Ways To Manage Chronic Pain Without Drugs: Part 2

  This blog is a continuation of our series exploring alternative ways to manage chronic pain without drugs. Often times we might think that pain is unmanageable when low and behold, our own bodies hold an untapped potential for natural pain management. We simply need to learn how to tap into it.

Breathing 

  Breathing is another seemingly obvious example necessary to facilitate healing and calm. Yet, because it is primarily involuntary, we tend to pay it little attention. However, did you know that your breathing cycle is responsible for transporting the vital oxygen your body needs to create and deliver energy, disbursing it to your cells? This process is called cellular respiration.

  Focused breathing techniques can strengthen your body’s ability to calm itself down. Once calm and relaxed, the body can center itself and work toward alleviating pain. Not only that, breathing exercises also extend into helping to focus the mind.

 Mindfulness Meditation

  For centuries, Buddhist monks have looked to pain as a bodily feeling only. They use mindfulness meditation to exercise and strengthen the mind to not be affected by physical pain. This idea in practice, treats the sensation of physical pain as a compartmentalized physical symptom that only the body feels. The meditation seeks to not let it lead to mental stress, fatigue or depression. By keeping the brain positive and focused in the present moment, we’re able to utilize its powerful circuitry to effectively help relieve pain. 

  When we’re stressed, it’s easy to let the negative thoughts we have continue to hover about or ruminate. This can lead to loss of sleep, lack of concentration, depression and really get in the way of everyday life. But if we can change the way our brain responds to pain, we can lessen the above-mentioned reactionary symptoms and release the brain from working overtime.  Incorporating both focused breathing and mindfulness meditation serves as means to center our mind and body.  Once at rest, the mind can work harmoniously with the body and together promote a stable conduit to process the pain or stress and simply let them pass.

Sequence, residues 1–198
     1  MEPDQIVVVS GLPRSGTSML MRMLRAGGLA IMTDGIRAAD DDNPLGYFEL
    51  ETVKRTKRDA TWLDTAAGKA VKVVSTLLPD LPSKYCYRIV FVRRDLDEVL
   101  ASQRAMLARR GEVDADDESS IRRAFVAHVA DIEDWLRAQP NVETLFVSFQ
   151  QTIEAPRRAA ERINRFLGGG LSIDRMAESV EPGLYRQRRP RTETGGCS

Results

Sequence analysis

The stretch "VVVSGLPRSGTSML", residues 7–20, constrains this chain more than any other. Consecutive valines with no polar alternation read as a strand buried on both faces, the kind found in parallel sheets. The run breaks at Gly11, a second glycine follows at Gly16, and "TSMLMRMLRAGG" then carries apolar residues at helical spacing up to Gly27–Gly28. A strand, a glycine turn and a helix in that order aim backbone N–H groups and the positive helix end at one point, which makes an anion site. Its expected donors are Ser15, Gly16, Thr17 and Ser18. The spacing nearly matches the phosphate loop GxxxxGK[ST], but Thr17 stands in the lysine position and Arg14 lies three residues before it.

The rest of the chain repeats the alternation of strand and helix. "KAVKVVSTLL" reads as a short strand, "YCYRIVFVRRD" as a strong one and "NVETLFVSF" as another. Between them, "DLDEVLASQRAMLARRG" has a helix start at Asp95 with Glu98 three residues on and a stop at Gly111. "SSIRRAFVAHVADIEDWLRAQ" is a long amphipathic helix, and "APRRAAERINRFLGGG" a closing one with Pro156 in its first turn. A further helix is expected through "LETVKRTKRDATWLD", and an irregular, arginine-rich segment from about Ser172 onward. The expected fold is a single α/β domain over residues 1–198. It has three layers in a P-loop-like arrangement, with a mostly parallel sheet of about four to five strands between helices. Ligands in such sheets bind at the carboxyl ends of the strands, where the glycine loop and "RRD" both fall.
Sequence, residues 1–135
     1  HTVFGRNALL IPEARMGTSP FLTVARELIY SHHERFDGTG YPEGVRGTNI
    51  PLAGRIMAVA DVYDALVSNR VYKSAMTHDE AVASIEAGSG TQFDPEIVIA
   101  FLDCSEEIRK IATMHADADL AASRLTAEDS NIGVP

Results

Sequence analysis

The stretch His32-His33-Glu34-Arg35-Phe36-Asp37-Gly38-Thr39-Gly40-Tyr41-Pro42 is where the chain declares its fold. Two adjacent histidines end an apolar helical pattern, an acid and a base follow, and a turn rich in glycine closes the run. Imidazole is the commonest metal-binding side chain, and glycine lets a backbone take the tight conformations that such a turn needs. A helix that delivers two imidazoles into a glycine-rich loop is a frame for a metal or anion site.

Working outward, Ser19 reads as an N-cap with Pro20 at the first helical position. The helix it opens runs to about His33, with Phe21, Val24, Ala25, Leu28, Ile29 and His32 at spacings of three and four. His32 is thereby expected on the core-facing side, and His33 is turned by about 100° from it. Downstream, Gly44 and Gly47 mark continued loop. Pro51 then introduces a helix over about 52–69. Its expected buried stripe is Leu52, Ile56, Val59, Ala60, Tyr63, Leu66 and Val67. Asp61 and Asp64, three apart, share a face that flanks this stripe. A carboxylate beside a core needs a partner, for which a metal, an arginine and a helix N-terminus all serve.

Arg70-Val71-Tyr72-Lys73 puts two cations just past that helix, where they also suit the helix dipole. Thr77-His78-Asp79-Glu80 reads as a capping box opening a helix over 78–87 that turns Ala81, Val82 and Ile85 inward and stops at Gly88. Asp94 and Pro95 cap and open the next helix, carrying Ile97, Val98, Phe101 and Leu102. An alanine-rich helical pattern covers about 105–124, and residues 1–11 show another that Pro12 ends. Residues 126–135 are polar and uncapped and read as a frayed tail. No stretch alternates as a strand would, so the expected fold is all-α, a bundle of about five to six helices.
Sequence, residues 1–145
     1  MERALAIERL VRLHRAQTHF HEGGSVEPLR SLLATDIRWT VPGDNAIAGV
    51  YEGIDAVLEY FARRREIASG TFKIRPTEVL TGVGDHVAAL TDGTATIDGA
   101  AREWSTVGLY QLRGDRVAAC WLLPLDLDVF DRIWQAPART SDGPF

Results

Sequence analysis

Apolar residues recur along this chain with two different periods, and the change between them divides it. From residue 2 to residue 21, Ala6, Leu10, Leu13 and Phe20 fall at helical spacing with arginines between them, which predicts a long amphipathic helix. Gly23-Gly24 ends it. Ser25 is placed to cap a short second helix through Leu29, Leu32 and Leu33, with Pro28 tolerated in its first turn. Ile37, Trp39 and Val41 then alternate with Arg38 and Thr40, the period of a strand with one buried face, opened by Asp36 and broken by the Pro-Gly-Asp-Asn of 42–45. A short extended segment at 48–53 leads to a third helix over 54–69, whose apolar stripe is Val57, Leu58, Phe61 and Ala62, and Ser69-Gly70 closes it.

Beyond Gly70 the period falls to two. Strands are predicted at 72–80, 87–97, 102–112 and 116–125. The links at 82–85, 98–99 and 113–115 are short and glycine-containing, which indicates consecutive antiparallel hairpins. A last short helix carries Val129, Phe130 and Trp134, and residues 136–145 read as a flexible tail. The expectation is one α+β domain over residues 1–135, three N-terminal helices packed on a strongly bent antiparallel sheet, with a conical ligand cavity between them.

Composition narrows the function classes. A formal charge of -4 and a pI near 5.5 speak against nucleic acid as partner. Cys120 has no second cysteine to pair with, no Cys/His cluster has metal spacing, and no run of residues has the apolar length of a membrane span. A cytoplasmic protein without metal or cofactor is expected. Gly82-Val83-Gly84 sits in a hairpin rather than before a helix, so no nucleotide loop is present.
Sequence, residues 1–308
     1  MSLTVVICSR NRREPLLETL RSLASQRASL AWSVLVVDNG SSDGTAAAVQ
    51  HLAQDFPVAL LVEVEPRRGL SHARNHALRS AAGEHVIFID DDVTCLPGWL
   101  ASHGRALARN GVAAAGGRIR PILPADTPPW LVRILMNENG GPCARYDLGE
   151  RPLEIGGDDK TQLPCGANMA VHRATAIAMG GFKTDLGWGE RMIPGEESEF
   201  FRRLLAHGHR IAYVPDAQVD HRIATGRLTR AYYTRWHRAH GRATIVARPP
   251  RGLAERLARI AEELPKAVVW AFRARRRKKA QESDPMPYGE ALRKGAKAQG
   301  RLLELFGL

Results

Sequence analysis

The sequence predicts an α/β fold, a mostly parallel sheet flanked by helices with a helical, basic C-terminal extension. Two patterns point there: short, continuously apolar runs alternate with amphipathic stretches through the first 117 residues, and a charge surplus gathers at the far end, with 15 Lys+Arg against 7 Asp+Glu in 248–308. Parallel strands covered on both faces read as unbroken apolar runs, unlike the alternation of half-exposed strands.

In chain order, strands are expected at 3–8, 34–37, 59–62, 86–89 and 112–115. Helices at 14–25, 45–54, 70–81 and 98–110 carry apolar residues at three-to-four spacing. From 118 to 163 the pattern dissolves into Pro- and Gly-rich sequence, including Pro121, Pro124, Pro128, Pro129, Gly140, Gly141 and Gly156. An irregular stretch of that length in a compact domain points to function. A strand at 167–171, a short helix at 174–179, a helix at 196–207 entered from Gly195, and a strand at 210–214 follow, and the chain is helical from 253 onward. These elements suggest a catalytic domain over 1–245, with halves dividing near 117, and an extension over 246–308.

This practice may seem difficult to perform at first glance. Who has any time to sit alone in a quiet space for 10 to 15 minutes and focus on nothing but their breath? The reality is, like anything else you try for the first few times, it takes practice. But it’s that practice that helps to train your brain. Like a muscle that you want to build, you begin slowly with little weight and over time, work your way up to heavier weight.  In this case, the “weight” you’re lifting is the time you spend focusing on letting daily thoughts pass. Here is a TED Talk that explains the science behind mindfulness meditation and how it works.

Conclusion

  There are lots of ways we can expand on these four examples to further help our bodies manage chronic pain. It’s important to mention again, there are many different types of chronic pain we can experience. The difficulty we face is letting them compound over time, creating a cycle that eventually becomes a load so heavy, you begin to lose hope. Don’t lose hope!  Whether you’re suffering from chronic pain resulting from past injury(s), corrective surgery, mental health and outside stimuli, illness or disease, there are things you can do to help manage the pain. 

   An interesting testimonial from a client who suffers from chronic headaches had this to say after using BioVibe Products to help with pain management.

“Well I’ve suffered from chronic headaches for about 8-10 years now. And since wearing, it relieves all the pain. Like there’s still subtle pressure but, it relieved all the pain and - so it’s helped a ton. And it’s helped my neck and everything!” 

- Hailey

You can watch the entire video testimonial here:  Chronic Headache Relief 

 

Sources:

https://www.urmc.rochester.edu/encyclopedia/content.aspx?ContentID=35&ContentTypeID=160

https://www.cdc.gov/mmwr/volumes/67/wr/mm6736a2.htm


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